Cummins is working to automate the manufacturing process of solid oxide electrolyser cells (SOECs) and stack assembly to better serve the accelerating hydrogen economy and enable over 100MW of electrolyser production capacity.
A three-year long project, the automation process hopes to result in more efficient electrolysers whilst reducing capital costs, the company confirmed on Monday (Sep 27).
The US Department of Energy’s (DOE) Hydrogen and Fuel Cell Technologies Office has already thrown support behind the project with a $5m boost to reduce the cost of and accelerate breakthroughs in the hydrogen sector.
On the project, Amy Davis, Vice-President and President of New Power at Cummins, said, “We believe green hydrogen will be critical to a decarbonised future, particularly for hard-to-abate sectors.
“To dramatically reduce greenhouse gas emissions and meet ambitious climate goals, we must invest now in scaling electrolyser manufacturing and green hydrogen production to create a viable zero emissions ecosystem.
“Rapid innovation like this will drive the acceleration of the energy transition in the US and globally.”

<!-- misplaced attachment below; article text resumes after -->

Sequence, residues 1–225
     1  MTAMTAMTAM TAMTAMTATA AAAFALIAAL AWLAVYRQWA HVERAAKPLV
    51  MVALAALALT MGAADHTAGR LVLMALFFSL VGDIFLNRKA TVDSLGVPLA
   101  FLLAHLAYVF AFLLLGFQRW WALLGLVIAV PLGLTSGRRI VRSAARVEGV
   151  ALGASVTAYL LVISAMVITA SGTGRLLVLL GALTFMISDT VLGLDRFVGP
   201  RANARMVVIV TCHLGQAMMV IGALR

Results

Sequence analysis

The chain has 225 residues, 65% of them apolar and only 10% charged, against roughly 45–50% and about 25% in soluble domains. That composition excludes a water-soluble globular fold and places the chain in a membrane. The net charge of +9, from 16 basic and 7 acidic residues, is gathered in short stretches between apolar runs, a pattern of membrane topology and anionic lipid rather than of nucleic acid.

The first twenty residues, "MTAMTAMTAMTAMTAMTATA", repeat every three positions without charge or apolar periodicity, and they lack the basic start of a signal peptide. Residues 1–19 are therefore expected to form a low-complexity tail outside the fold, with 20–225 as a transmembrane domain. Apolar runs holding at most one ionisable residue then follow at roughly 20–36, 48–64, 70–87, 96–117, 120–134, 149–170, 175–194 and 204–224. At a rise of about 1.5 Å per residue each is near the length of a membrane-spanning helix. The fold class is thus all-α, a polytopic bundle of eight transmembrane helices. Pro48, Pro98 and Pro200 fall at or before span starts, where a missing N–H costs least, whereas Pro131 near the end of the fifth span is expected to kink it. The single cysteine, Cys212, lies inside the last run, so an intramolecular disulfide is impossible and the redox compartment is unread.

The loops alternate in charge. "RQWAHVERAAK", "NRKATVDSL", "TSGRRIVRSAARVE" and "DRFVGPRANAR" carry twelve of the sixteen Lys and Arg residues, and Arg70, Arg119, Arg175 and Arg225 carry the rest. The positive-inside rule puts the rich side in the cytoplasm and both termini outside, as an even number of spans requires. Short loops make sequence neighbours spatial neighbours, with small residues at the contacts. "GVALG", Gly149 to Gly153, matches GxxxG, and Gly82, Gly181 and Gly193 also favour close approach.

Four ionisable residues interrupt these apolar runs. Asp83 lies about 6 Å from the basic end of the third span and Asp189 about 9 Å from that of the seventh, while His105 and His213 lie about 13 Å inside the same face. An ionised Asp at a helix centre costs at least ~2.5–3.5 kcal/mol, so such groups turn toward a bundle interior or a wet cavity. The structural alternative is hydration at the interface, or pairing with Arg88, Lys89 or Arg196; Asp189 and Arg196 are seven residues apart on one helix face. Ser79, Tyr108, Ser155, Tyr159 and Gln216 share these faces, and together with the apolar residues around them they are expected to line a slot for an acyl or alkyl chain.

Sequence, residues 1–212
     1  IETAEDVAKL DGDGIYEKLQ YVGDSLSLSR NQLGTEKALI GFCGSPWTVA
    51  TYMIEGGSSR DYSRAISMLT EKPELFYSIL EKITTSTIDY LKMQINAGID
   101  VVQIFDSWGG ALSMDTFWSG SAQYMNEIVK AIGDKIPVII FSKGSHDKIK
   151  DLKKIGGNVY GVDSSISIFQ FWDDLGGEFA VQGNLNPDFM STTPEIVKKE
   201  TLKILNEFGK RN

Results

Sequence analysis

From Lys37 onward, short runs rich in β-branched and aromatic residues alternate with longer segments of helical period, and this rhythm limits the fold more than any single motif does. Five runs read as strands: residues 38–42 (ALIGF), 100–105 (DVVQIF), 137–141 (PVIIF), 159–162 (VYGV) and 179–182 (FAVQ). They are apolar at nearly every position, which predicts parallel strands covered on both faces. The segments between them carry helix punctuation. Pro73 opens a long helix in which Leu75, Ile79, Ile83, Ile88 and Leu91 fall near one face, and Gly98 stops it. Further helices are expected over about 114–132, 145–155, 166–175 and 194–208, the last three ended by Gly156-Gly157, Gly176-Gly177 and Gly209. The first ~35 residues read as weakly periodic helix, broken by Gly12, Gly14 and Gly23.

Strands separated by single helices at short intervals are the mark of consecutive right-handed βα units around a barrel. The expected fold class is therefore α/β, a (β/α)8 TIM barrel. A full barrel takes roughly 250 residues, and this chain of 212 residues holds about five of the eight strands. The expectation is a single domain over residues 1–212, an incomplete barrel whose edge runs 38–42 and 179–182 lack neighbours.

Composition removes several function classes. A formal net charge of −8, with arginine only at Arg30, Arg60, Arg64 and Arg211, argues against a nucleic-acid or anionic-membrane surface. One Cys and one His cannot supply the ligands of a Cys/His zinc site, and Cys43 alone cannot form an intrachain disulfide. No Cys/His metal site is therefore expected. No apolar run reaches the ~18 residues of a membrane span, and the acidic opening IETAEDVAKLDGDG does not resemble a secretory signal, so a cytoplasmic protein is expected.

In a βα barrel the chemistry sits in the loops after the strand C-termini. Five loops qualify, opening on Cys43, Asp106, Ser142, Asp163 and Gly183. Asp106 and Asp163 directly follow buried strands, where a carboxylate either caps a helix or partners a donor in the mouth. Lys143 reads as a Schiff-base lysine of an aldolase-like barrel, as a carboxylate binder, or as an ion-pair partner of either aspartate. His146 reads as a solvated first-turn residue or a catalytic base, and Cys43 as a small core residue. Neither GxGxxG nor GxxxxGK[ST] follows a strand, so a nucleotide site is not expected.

SOECs are one of three primary types of electrolysers and use a solid ceramic electrolyte. Operating at a higher temperature that PEM and alkaline electrolysers, the technology is an important tool in decarbonising industrial sectors such as steel production.
The Cummins project is one of 19 projects being supported by the DOE for hydrogen and fuel cell research and development. The department has dedicated $52.5m for such developments.
A powerful combination: Solutions, scale and resource to drive hydrogen forward
From being one of the first in its industry to publish a sustainability report to being front and centre of the hydrogen movement today, Cummins a global technology leader steeped in environmental consciousness and solutions.
For over a century, Cummins has been designing, manufacturing, distributing and servicing a broad portfolio of power solutions, from diesel, natural gas, hybrid, electric, and fuel cell powertrains, to powertrain components and now electrolysers for hydrogen generation. Its products cover many different market segments, including buses, trucks, marine, mining, agriculture and power generation.
Want to continue reading? Click here.